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David Graeber and David Wengrow – Forget ‘Liberté’ – 17th-Century Indigenous Americans Knew a Lot More About Freedom Than Their French Colonisers

The Anarchist Library

Author: David Graeber and David Wengrow
Title: Forget ‘Liberté’ – 17th-Century Indigenous Americans Knew a Lot More About Freedom Than Their French Colonisers
Subtitle: Just look at their abolitionist justice system.
Date: October 19, 2021
Source: Retrieved on October 7, 2022 from https://novaramedia.com/2021/10/19/forget-liberte-17th-century-indigenous-americans-knew-a-lot-more-about-freedom-than-their-french-colonisers/.

10 years ago, over a bowl of ramen near Times Square, David Graeber gave me a copy of his book Debt: the first 5000 years. Inside, was a typically generous dedication: “For David Wengrow, who has gotten me excited about the past in a way no one has since I can barely remember.”

It was the start of a project that would absorb us for the next 10 years, as an anthropologist and an archaeologist sought to revive a style of grand dialogue about human history that once was common, but this time with modern scientific evidence. We wrote without rules or deadlines, and finished as we’d started, with discoveries and debates into the small hours.

As you know, David was far more than a brilliant intellectual: he actually tried to live his ideas about social justice and liberation in a world that often seemed set against them, against him. To me, this book is a lasting testament, not just to an irreplaceable friendship, but to the strength of those ideas, and their great might, reaching back over the millennia.

What you now have before you, then, is an extract from our small attempt to change the course of human history (at least, the part that’s already happened), our new book, The Dawn of Everything: A New History of Humanity.


The ‘Age of Reason’ was an age of debate. The Enlightenment was rooted in conversation; it took place largely in cafés and salons. Many classic Enlightenment texts took the form of dialogues; most cultivated an easy, transparent, conversational style clearly inspired by the salon. (It was the Germans, back then, who tended to write in the obscure style for which French intellectuals have since become famous.) Appeal to ‘reason’ was above all a style of argument. The ideals of the French Revolution – liberty, equality and fraternity – took the form they did in the course of just such a long series of debates and conversations. All we’re going to suggest here is that those conversations stretched back further than Enlightenment historians assume.

Let’s begin by asking: what did the inhabitants of New France make of the Europeans who began to arrive on their shores in the sixteenth century?

At that time, the region that came to be known as New France was inhabited largely by speakers of Montagnais-Naskapi, Algonkian and Iroquoian languages. Those closer to the coast were fishers, foresters and hunters, though most also practised horticulture; the Wendat (Huron) concentrated in major river valleys further inland, growing maize, squash and beans around fortified towns.

Interestingly, early French observers attached little importance to such economic distinctions, especially since foraging or farming was, in either case, largely women’s work. The men, they noted, were primarily occupied in hunting and, occasionally, war, which meant they could in a sense be considered natural aristocrats. The idea of the ‘noble savage’ can be traced back to such estimations. Originally, it didn’t refer to nobility of character but simply to the fact that the Indian men concerned themselves with hunting and fighting, which back at home were largely the business of noblemen.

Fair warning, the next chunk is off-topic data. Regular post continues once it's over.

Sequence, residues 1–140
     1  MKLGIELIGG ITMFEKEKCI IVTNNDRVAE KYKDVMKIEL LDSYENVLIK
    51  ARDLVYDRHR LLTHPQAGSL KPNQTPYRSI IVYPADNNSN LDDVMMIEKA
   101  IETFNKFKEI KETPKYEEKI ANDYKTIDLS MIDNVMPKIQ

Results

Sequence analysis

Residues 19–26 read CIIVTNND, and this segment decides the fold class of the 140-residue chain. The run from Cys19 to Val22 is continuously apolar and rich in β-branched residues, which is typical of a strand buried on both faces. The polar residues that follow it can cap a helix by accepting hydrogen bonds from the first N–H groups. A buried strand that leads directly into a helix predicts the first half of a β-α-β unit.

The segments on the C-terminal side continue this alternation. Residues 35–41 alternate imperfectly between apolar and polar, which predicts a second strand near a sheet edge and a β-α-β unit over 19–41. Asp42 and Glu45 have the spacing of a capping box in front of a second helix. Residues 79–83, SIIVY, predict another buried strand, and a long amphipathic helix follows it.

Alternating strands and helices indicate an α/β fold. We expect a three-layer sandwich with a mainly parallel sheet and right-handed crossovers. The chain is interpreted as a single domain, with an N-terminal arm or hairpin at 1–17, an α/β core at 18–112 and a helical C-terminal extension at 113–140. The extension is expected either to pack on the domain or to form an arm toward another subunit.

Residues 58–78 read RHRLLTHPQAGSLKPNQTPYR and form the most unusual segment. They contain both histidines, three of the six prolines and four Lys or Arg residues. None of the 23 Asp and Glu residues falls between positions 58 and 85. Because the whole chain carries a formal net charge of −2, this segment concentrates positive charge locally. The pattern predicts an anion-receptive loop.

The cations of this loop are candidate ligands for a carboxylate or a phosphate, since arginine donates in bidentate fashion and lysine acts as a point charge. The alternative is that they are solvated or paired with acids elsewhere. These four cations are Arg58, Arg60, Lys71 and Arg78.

But if French assessments of the character of ‘savages’ tended to be decidedly mixed, the indigenous assessment of French character was distinctly less so.

Father Pierre Biard, for example, was a former theology professor assigned in 1608 to evangelize the Algonkian-speaking Mi’kmaq in Nova Scotia, who had lived for some time next to a French fort. Biard did not think much of the Mi’kmaq, but reported that the feeling was mutual:

“They consider themselves better than the French: ‘For,’ they say, ‘you are always fighting and quarrelling among yourselves; we live peaceably. You are envious and are all the time slandering each other; you are thieves and deceivers; you are covetous, and are neither generous nor kind; as for us, if we have a morsel of bread we share it with our neighbour.’ They are saying these and like things continually.”

What seemed to irritate Biard the most was that the Mi’kmaq would constantly assert that they were, as a result, “richer” than the French. The French had more material possessions, the Mi’kmaq conceded; but they had other, greater assets: ease, comfort and time. 20 years later Brother Gabriel Sagard, a recollect friar, wrote similar things of the Wendat nation.

Sagard was at first highly critical of Wendat life, which he described as inherently sinful (he was obsessed with the idea that Wendat women were all intent on seducing him), but by the end of his sojourn he had come to the conclusion their social arrangements were in many ways superior to those at home in France. In the following passages, he was clearly echoing Wendat opinion:

“They have no lawsuits and take little pains to acquire the goods of this life, for which we Christians torment ourselves so much, and for our excessive and insatiable greed in acquiring them we are justly and with reason reproved by their quiet life and tranquil dispositions.”